One of the most eye-opening eating experiences you can have is to start using a food tracker!
Suddenly, every handful of chips matter, each Cheez-it, a couple spoonfuls of ice cream, 3 mini Heath bars and a small bag of M&M’s, a can of Root Beer, it all add up very quickly!
Then I eat dinner and pick at the left overs and everything my daughter left on her plate. I’m not hungry…just grazing! 😉
Turns out my bowl of cereal is about 2 “servings” and then I have to top it off to use up all the milk.
Give it a try yourself and see how big a difference it makes!
Visual awareness is one of the fastest ways to change behavior, because a lot of what we do habitually is hidden from our conscious mind.
I have used a food tracker app to quickly alter my eating patterns many times.
What if I tried the same thing with a simple tracker designed to help me with the habits of self-control that I’m trying to develop?
I’m working on 3 habits of self-control.
The first is 100 push-ups a day. I find that physical self-control bleeds over to self-control in other areas. When I push myself to do things I don’t want to do physically, it builds my self-control to do things mentally that I don’t want to do, or other physical things that require me to push through “I don’t want to.”
The second is reading/listening to a book to learn. This builds priority self-control. I listen to my book before I listen to podcasts and read before I can check social media. In this way I build the self-control to do the most important things first. Then, when I face other opportunities to delay important actions, I call on that mental muscle.
The third is 10 minutes of meditation a day. Meditation helps me with the self-control on focusing on now. Not worrying and stressing about 100 things at a time, just be present and focus with intentionality on what is in front of me.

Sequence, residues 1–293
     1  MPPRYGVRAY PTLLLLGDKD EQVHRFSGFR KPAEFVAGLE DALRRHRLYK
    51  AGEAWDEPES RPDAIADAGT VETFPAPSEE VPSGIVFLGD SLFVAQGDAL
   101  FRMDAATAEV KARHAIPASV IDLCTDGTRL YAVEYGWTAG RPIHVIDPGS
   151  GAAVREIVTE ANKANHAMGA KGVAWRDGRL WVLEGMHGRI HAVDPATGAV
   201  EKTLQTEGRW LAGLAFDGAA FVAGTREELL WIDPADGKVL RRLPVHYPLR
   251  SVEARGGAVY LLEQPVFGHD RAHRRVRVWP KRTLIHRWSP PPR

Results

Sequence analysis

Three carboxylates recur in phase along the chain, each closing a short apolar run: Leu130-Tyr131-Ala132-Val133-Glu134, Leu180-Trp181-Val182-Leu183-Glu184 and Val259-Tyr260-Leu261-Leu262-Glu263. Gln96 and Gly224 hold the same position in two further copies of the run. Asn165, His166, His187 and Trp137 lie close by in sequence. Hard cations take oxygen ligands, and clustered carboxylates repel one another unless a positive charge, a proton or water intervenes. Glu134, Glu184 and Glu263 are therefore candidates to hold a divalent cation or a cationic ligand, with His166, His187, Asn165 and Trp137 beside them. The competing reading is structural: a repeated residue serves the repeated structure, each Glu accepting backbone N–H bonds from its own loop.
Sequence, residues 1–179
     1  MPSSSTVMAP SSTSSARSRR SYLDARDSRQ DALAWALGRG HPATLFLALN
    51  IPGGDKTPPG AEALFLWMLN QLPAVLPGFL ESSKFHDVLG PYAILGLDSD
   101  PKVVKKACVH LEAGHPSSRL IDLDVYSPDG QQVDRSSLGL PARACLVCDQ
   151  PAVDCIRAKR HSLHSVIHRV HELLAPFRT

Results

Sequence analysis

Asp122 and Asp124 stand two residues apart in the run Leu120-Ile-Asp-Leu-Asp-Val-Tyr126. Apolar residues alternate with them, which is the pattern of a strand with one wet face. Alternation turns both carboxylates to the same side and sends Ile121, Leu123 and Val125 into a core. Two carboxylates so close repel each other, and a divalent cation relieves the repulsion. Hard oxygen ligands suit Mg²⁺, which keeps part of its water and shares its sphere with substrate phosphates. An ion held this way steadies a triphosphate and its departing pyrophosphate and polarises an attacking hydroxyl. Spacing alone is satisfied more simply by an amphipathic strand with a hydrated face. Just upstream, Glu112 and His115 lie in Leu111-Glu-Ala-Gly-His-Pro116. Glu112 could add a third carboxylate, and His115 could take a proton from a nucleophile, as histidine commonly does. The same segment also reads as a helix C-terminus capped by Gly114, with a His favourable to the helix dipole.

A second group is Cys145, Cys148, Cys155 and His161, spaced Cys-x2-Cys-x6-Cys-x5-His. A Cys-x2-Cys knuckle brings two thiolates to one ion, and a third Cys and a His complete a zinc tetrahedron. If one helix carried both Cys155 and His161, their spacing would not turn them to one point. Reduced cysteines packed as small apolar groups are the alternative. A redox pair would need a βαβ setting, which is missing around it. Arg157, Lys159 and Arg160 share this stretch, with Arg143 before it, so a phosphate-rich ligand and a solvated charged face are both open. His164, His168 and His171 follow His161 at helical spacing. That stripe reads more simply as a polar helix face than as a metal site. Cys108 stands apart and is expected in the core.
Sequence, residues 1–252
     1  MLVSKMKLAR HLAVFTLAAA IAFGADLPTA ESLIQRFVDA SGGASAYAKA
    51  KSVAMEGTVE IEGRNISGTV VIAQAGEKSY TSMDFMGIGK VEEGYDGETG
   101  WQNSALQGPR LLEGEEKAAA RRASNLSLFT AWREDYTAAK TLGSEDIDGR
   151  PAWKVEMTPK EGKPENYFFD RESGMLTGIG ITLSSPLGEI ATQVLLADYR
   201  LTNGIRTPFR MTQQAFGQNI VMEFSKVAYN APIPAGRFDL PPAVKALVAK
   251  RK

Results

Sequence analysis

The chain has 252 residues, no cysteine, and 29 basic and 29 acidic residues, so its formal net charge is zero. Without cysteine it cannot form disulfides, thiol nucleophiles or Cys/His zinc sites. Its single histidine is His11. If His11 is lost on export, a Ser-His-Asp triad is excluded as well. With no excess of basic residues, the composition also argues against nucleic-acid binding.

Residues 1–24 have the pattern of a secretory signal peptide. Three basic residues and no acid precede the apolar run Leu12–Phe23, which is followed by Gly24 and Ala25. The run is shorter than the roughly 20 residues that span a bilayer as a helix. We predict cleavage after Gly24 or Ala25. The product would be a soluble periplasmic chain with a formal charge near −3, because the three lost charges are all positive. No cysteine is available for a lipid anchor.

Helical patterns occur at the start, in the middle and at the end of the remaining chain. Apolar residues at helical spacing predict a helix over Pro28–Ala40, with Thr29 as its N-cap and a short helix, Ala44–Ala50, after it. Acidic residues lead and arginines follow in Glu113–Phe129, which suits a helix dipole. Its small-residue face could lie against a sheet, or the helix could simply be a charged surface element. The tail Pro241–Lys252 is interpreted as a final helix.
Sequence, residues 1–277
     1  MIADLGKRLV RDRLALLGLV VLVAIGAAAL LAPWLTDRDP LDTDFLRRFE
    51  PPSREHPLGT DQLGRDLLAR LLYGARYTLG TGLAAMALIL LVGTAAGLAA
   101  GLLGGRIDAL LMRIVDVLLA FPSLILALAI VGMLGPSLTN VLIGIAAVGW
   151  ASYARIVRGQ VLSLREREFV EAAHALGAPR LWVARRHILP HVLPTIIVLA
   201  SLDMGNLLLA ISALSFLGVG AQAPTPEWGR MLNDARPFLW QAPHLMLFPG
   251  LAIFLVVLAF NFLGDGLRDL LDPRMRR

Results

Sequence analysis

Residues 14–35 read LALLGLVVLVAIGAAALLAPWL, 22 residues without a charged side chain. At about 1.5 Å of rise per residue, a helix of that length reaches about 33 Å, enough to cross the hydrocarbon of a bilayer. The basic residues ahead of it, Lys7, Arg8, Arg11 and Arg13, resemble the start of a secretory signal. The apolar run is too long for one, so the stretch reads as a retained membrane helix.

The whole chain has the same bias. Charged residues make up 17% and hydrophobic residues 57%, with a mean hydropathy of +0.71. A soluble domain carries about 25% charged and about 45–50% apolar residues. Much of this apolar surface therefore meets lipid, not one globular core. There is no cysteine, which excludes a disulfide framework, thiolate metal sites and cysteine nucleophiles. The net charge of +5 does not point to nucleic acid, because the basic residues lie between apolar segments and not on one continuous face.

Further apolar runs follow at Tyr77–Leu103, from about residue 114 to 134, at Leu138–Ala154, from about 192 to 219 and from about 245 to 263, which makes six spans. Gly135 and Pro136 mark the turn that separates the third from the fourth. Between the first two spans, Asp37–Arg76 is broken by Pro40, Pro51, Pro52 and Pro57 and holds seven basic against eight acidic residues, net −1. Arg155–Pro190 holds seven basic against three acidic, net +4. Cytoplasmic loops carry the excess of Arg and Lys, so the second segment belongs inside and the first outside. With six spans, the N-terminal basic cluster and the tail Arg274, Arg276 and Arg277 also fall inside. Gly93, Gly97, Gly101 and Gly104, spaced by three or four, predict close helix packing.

I would encourage you to find your own physical “I don’t want to” challenge, a priority challenge, and a meditation challenge.
Putting all three in your life will help you feel better about yourself. You will feel accomplished. You will feel growth in your life and control over your own mind.
You will stop chasing more and focus on doing better. When you do better, you feel better.
I know everything I have written so far is true for me, and yet I still can’t always get myself to do it!
What gives?! How can I quickly change behavior?
I had learned from my days of food tracking that the fastest way is…a tracker!
So, I created my own weekly habit tracker.
When I put a tracker on my desk and mark down my actions, I do them more. Especially if I put the tracker somewhere I can see it consistently, and I know someone else in the family might see it, too.
Physiologically, when we experience successes, even small ones like checking a box, your brain releases dopamine. Dopamine is the chemical related with feelings of pleasure and motivation.
When you check a box, you feel connected with the positive outcome and often want to feel it again, so you take the action again.
It also forces the subconscious to become conscious and raises our awareness of the habit we want.
Without a tracker, we forget what we have identified as important to us in the crazy of the day. When we make it visible, our free time is utilized differently, just like our eating, especially mindless eating is impacted when we force the awareness of tracking everything we eat.
The pattern is simple:
I think you will amaze yourself at how quickly you can add in behaviors that matter and increase your self-control in every aspect of your life.
Rather than just doing more, you will do things that are better and feel better each day.
That’s the impact of moving focus from doing more to doing better.